Abstract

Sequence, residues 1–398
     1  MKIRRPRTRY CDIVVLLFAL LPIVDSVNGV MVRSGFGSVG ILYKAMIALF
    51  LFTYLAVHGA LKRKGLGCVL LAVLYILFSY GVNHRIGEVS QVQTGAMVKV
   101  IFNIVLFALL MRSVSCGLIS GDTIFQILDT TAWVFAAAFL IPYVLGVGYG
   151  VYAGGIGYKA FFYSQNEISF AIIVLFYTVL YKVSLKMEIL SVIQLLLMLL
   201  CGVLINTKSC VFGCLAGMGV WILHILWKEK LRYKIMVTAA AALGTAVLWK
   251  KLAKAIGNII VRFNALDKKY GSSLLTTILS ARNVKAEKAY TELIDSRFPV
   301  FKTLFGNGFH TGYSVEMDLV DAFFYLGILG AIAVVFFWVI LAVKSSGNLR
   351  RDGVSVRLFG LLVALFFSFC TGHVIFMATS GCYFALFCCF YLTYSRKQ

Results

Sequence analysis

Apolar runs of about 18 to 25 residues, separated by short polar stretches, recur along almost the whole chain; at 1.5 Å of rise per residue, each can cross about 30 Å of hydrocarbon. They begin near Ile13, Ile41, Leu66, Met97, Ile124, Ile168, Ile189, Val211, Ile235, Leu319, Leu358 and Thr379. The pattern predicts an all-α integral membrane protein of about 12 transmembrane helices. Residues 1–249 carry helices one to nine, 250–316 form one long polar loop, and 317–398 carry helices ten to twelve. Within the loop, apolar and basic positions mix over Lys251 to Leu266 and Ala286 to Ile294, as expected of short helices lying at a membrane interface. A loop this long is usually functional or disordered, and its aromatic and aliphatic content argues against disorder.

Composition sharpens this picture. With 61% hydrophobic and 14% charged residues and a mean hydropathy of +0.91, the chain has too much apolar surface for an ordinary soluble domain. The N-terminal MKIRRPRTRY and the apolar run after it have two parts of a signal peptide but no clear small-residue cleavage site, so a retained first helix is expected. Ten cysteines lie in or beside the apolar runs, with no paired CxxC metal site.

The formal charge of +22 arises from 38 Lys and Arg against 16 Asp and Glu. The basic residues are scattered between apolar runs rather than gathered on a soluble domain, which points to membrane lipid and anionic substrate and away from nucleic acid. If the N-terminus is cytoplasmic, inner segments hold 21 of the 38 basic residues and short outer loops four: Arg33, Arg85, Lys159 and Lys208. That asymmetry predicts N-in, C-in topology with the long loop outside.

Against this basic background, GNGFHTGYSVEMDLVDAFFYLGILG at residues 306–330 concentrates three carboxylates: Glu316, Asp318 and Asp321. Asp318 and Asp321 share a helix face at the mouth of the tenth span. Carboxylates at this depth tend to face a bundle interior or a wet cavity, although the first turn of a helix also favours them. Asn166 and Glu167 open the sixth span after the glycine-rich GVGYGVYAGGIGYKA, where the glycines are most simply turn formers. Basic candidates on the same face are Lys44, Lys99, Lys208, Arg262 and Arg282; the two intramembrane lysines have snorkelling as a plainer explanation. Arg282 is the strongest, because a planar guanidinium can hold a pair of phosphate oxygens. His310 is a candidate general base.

Microthermometric, petrographic and isotopic methods have been used to detect evidence for hot fluid flow in Mesozoic and Tertiary sediments from the NW UK continental margin, West of Shetland. New data presented here show that temperatures are hotter by c. 40°C in Tertiary samples than in the underlying Jurassic and Cretaceous sediments in wells 204/28-1, 206/5-2, 208/27-1, especially in cements from samples as young as mid–upper Eocene in age. Paleocene samples can be discriminated from older (Jurassic and Cretaceous) and younger (Eocene) sandstones on the basis of silica cement morphology and cathodoluminescence zonation. Jurassic, Cretaceous and Eocene quartz cements show oscillatory zoning as a consequence of relatively slow burial cementation. In direct contrast, rapid precipitation of silica cements from the cooling of hot fluids has produced unzoned cements in all but one Paleocene sample. No evidence for unzoned quartz cements was noted in any pre-Paleocene or Eocene samples. The restriction of hot fluid inclusions and unzoned cements to the Paleocene and post-Paleocene is consistent with lateral focusing of hot fluids. Isotopic data from kaolinites indicate that these fluids are best represented by mixtures of Mesozoic or Tertiary meteoric waters and marine porewaters that have undergone isotopic alteration through interaction with volcanic material. Our results indicate that hot fluid flow occurred over a relatively long time-scale (i.e. several million years), which may have important consequences for the degradation of reservoired hydrocarbons in West of Shetland Paleocene plays.

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